Neither patients nor the public were involved in the conception or conduct of the study. Written informed consent was obtained from each participant. The study was conducted according to the latest version of the Declaration of Helsinki ethical standards and approved by the Ethical Committee of the Hubei Provincial Hospital of Integrated Chinese (ethical approval code: 2020014).
Sleep quality was assessed using the adjusted items bases on Pittsburgh Sleep Quality Index (PSQI) (Buysse et al., 1989), which is the most commonly used questionnaire to assess sleep health status in clinical and epidemiologic studies (Mollayeva et al., 2016). PSQI is a self-administered scale with 18 items about sleep over the past 1 month, including seven domains of sleep (i.e., sleep quality, sleep onset latency, sleep duration, sleep efficiency, sleep disturbances, sleep medication, and daytime dysfunction). A sub score ranging from 0 to 3 is calculated for each of the seven domains, which can be summed up to yield a total score ranging from 0 to 21. A higher score represents worse sleep status. A total PSQI score of 0-5, 6-10, 11-15, and 16-21 was considered very good, fairly good, general, and poor sleep quality, respectively (Dobrosielski et al., 2016). We used a slightly modified version, in which we deleted the time restriction “over the past 1 month” and added the terms “1 month before infection” and “after infection” to collect information about the patients' sleep status before and after infection with SARS-CoV-2.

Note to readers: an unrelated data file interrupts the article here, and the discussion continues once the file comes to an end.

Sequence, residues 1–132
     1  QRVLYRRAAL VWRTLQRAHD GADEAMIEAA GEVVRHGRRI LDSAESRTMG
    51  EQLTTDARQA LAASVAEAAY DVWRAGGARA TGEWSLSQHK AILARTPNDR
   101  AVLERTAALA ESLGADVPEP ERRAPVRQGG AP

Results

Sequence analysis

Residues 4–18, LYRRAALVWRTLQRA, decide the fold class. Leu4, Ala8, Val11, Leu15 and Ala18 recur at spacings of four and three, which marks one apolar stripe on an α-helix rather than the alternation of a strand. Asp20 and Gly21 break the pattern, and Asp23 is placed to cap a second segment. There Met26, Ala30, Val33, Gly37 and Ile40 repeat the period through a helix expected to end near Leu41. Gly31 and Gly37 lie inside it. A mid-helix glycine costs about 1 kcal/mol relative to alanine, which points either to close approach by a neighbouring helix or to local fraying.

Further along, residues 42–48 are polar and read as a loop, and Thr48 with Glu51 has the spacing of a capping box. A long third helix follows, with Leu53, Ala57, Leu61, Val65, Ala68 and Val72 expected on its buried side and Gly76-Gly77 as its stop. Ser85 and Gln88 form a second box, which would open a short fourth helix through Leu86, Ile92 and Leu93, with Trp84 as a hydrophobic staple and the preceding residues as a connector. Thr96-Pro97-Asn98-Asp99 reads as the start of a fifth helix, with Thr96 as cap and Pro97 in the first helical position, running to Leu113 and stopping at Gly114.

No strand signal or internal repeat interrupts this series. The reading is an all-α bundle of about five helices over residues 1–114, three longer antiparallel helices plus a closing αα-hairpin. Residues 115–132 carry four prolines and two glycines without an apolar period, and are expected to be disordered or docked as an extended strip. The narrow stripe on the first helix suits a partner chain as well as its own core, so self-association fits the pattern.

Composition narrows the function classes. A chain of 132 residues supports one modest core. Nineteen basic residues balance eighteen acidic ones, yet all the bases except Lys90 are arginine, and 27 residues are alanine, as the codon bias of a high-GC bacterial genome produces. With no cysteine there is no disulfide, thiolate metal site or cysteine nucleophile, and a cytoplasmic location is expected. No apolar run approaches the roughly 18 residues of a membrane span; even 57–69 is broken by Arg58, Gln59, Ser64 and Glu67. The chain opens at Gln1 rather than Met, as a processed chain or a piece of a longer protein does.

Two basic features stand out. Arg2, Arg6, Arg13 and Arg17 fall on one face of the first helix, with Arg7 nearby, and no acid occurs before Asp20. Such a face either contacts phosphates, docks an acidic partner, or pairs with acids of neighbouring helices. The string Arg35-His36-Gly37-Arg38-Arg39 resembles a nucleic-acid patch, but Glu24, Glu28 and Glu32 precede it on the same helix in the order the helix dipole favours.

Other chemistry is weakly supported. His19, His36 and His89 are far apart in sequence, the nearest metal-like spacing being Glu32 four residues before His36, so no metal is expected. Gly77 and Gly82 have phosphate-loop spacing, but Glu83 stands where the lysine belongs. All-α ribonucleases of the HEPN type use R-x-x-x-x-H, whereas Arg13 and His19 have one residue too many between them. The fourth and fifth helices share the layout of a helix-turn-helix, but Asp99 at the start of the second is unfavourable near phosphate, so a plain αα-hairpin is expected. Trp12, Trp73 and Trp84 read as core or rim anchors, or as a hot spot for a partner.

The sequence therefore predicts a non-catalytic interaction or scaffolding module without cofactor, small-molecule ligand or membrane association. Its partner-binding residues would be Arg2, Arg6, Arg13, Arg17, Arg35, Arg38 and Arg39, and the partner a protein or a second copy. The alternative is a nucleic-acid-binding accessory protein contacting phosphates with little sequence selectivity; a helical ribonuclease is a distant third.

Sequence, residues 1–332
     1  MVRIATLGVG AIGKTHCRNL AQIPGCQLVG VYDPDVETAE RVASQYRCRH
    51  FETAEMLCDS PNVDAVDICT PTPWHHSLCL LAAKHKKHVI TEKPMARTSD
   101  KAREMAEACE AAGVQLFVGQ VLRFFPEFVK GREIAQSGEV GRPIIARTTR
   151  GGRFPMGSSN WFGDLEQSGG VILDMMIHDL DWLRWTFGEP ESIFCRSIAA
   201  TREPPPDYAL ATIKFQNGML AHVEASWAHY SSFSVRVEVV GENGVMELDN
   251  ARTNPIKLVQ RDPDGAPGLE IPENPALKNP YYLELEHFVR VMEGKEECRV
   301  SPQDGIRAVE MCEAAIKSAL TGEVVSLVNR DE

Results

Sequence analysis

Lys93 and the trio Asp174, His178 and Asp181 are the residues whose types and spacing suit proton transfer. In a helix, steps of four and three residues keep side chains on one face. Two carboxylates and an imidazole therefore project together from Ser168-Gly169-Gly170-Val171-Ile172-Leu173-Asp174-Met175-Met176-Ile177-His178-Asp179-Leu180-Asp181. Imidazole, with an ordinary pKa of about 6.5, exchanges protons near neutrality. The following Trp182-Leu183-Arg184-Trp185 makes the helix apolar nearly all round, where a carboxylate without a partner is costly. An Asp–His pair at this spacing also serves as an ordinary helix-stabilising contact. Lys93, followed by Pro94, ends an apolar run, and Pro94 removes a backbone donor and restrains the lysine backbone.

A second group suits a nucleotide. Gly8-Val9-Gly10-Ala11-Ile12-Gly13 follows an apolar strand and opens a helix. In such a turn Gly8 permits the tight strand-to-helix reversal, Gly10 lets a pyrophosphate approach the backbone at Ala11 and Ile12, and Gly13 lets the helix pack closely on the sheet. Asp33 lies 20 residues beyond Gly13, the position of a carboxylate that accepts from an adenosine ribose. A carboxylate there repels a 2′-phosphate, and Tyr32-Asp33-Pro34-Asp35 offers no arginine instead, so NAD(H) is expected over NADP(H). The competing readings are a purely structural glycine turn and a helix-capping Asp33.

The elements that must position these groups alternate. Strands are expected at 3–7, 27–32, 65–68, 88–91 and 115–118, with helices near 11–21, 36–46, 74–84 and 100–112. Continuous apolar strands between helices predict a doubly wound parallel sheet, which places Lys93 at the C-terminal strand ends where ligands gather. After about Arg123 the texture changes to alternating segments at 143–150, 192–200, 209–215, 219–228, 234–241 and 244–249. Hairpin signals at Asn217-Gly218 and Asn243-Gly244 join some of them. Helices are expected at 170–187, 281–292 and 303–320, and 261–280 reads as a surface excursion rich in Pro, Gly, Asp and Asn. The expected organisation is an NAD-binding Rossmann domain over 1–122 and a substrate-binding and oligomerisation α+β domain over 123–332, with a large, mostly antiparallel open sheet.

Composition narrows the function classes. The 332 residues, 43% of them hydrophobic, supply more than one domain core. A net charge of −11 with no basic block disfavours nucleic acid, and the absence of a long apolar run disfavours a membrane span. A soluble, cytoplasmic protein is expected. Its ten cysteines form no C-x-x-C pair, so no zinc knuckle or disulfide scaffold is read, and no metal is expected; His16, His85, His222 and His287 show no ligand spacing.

Anxiety and depression were assessed by the Hospital Anxiety and Depression Scale (HADS) (Zigmond and Snaith, 1983). HADS consists of seven items measuring anxiety and seven items measuring depression, which are summed to form anxiety and depression subscale scores (HADS-A and HADS-D, respectively). All items are measured on a four-point scale (0-3) and refer to the past week.
In this study, the primary outcome was the incidence of severe or critical pneumonia, and the secondary outcomes were duration of hospital stay and laboratory measurements.